What did he mean?

Hino: At Nintendo back then, designers would just do visuals for a few years after entering the company. After that, it was generally understood that you would move on to become a director or planner.

So Miyamoto-san was trying to say that you should stop with the art and come up with a project.

Hino: Yeah. So then I entered a period of thinking up all sorts of projects, experimenting with them, and canning them over and over. It got to the point where I thought if the next project fell through, I couldn’t stay at the company.

You were prepared for the worst.

Hino: Yeah. Just then, I had the idea of making Yoshi the main character in a game. I began by starting to think about making the game a sort of spin-off of the Super Mario series.

Did you think of that by yourself?

Hino: I started thinking about it myself, but I discussed it with Tezuka for the longest time.

What were you doing at that time, Tezuka-san?

Tezuka: I was involved with development of the Legend of Zelda series, like development of The Legend of Zelda: A Link to the Past10 and The Legend of Zelda: Link’s Awakening.11

10. The Legend of Zelda : A Link to the Past : An action-adventure game included in Super NES Classic Edition. Originally released in Japan in November 1991.

11. The Legend of Zelda : Link’s Awakening : An action-adventure game released for the Game Boy system. Originally released in Japan in June 1993.

So between development work, you consulted with Hino-san.

Tezuka: Yes.

Why did you want to make Yoshi the main character?

Hino: It’s just my personal opinion, but I felt like, with Super Mario World, we had done everything we could with a side-scrolling jumping game.

Oh, I see. After that, Super Mario 6412 came out and for a while the focus was on more three-dimensional action and not side-scrolling.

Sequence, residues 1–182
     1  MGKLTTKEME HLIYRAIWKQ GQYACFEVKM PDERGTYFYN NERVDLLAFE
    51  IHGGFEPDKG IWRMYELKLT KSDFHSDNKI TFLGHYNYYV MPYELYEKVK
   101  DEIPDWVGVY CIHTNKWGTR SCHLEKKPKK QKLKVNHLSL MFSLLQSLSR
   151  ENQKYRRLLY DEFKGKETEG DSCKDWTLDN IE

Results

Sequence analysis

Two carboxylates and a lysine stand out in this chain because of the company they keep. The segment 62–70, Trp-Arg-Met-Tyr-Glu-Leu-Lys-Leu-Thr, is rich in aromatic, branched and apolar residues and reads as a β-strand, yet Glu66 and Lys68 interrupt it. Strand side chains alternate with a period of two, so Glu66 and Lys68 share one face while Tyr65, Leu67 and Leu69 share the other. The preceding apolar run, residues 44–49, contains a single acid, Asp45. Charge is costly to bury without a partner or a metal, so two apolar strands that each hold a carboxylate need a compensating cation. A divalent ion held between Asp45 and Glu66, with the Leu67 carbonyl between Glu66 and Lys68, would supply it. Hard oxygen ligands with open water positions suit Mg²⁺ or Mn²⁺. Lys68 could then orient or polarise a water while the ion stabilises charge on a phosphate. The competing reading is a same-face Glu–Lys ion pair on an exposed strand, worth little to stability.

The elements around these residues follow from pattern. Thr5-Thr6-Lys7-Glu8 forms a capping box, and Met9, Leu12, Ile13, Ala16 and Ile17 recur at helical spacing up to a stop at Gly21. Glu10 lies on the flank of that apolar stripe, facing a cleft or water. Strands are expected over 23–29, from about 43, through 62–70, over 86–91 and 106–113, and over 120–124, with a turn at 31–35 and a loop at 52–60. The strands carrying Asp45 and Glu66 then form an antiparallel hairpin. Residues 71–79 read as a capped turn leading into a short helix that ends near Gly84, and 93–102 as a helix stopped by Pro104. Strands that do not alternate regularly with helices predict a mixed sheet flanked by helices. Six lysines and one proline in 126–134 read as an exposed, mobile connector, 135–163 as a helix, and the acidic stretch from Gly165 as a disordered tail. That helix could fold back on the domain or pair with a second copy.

12. Super Mario 64 : A platform game released for the Nintendo 64 system. Originally released in Japan in June 1996.

Hino: Right. I wondered what kind of side-scrolling platform game we could make and thought we could create new gameplay if Yoshi were the main character. I think I started with the idea of having Yoshi carry something to the goal.

Making Yoshi the main character would give birth to new actions.

Tezuka: Right. We made new actions, and one I thought was good was the Flutter Jump. Mario can’t do an action like that and it would help people who have difficulty with platformers.

You wanted to make it enjoyable for people who were gaming for the first time.

Tezuka: Yeah! So when you make contact with an enemy, instead of just bumming out, there’s a mechanism for not losing a life.We tried to think of new actions that would allow newcomers to enjoy playing.

Nogami-san, it’s time to bring you into the conversation! (laughs)

Nogami: Okay! (laughs)

When you entered the company, what was the state of the development of Super Mario World 2: Yoshi’s Island?

Nogami: I joined the company about one and a half years before release, so it had already been decided that Yoshi would be the main character.

Was he already doing the Flutter Jump?

Nogami: I remember Miyamoto making precise adjustments to the Flutter Jump after I entered the company, so I must have joined about that time.

As the new guy, how did you become involved?

Nogami: I started as a designer, but the concept of making it with graphics in a hand-drawn style had already been decided on, so I began by trying to figure out how to do that.

Hino: We had decided on a hand-drawn approach before Nogami joined, but we hadn’t yet determined a direction for the exact style. Soon after joining, Nogami showed us something in a marker style.